Text Study for Luke 12:49-59 (Part Two)

This text creates all sorts of headaches and challenges for preachers. I think the first task for the preacher may be to help the congregants appreciate what we Jesus followers mean when we speak of the “judgment” God. Psalm 82 is helpful in deepening the appreciation. I think that the psalm should be read in the worship service. Perhaps it could be used liturgically as a call to worship and/or a confession of faith.

I think the psalm is helpful because it reminds us that while God’s judgment is without partiality, it is certainly not without priority. When the lesser “gods” noted in the text show favoritism toward the wicked, they are rebuked by the Most High God. This rebuke requires a time of awed reflection, as indicated by the selah after the verse.

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The priority of God’s judgment is to give justice to the weak and the orphan, to maintain the right of the lowly and destitute. The result of that judgment is the rescue of the weak and the lowly from the hand of the wicked. The impartiality of God’s judgment results in salvation for the oppressed and condemnation for the oppressors. The impact of God’s judgment depends on one’s position in the “system” of this world.

Therefore, God’s judgment is bad news for those who benefit from an unjust status quo. And it is good news for those who are oppressed and victimized by that unjust status quo. I don’t think some of our listeners understand that God’s judgment can be good news for at least some people. Perhaps that is because, in most American Christian congregations at least, the majority of our listeners possess power, position, privilege and property out of proportion to their need.

As the psalm reminds us, judgment by God leads to justice for the oppressed. This is not obvious to the “wicked” in the psalm. Those who benefit from oppressing others “have neither knowledge nor understanding, they walk around in darkness” (Psalm 82:5, NRSV). When God’s judgment takes place, the foundations of the earth are indeed shaken for the wicked (and for the oppressed as well, but in a good way). If we find ourselves in the company of the privileged, we perhaps have reasons to fear God’s judgment.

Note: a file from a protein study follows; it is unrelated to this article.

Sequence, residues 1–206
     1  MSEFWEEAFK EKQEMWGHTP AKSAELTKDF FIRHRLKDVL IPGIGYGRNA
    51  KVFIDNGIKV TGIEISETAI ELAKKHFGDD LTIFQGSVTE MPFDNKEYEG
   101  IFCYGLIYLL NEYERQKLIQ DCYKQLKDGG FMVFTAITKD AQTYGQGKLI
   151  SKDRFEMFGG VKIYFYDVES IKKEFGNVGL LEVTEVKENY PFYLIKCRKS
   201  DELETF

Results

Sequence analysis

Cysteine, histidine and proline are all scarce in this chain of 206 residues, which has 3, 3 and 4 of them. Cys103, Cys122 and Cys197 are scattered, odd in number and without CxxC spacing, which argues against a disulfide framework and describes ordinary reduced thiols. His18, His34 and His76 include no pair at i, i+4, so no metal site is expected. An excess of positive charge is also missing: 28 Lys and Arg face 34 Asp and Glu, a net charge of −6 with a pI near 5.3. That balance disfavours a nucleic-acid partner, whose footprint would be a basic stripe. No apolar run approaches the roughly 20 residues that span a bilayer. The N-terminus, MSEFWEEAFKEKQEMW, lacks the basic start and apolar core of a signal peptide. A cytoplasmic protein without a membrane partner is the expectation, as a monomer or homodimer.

Certainly, this meditation on the nature of God’s judgment can have a deeply personal dimension. I confess that I am in bondage to sin and cannot free myself. I am curved in on myself in sin. I wish to become my own god and displace the love, grace, and mercy of God with my own projects and priorities. Because of those realities, even though I am one of the children of the Most High, on my own I “shall die like mortals, and fall like any prince” (Psalm 82:7, NRSV).

Therefore, I am justifiably afraid of God’s judgment for myself. One function of God’s Law is to make clear to me my own depth of sin and rebellion. If I am willing to be as aware of myself as I am of current weather conditions (to return us to a metaphor in the Gospel reading), then I will clearly see my predicament and my inability to rescue myself.

The Good News of the Gospel is that this bondage to sin and blindness to reality is not the last word in my life. In fact, the fire of God’s judgment will burn away all that which binds me to sin, death, and the devil. While that process is not pain-free, it is also not punishment. It is, rather, the purification which allows me to grow into the fully human person that God created me to be from the beginning. That purification is a daily return to my baptism into Christ in this life, and it will be fulfilled in the new life with God in Christ by the power of the Spirit.

The purifying power of God’s judgment in Christ is not purely a personal matter, however. If we read Psalm 82 in good faith, we see that this judgment re-orders our relationships with ourselves, our neighbors, and all of Creation. Therefore, God’s judgment is always concerned with systemic as well as personal injustice. Those two dimensions of human life cannot be separated and are mutually interdependent.

For example, if I am a person of privilege (and I am), God’s judgment is going to go hard on me from a systemic perspective. Loss of privilege is always experienced as discrimination and even persecution by the person who is losing that privilege. That explains the panic among many White Americans these days, as American society struggles to achieve actual equity for all people, rather the continuing dominance of White Americans over all others. Redressing this inequity is going to be painful for the privileged – and it is.

The price of that privilege, however, is to be people who depend on injustice for our identity. That system cannot be sustained. Jesus longs to free us from our foolishness and to restore us to full humanity – humanity that does not depend on regarding others as subhuman. When God’s judgment is applied to us, we who are privileged face a choice. Will we reject God’s justice and cling to our privilege? Or will we rejoice in God’s justice and take our proper place in the human family?